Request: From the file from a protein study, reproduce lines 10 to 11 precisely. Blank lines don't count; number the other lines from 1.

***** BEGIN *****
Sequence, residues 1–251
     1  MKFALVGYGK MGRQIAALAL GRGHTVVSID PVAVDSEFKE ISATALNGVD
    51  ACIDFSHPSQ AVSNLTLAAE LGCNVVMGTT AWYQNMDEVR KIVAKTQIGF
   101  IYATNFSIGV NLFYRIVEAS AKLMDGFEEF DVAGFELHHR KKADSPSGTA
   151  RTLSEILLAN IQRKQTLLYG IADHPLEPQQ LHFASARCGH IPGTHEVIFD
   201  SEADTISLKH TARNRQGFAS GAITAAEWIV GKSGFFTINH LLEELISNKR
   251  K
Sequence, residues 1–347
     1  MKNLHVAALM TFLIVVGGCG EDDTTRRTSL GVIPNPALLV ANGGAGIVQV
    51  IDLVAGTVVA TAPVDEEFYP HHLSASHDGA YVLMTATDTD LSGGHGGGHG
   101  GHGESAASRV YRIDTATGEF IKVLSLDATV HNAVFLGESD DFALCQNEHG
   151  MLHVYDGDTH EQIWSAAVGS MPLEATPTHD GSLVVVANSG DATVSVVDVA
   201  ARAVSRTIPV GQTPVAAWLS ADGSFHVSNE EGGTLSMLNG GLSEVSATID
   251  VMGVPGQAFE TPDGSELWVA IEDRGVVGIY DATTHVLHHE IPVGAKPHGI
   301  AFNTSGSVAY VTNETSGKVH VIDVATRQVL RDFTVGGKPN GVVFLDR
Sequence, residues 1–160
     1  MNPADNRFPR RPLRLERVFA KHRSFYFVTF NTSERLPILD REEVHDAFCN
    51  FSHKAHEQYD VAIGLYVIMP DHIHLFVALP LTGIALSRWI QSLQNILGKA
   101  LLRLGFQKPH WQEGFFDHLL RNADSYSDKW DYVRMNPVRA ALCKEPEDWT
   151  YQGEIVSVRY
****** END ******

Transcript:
    51  IDLVAGTVVA TAPVDEEFYP HHLSASHDGA YVLMTATDTD LSGGHGGGHG
   101  GHGESAASRV YRIDTATGEF IKVLSLDATV HNAVFLGESD DFALCQNEHG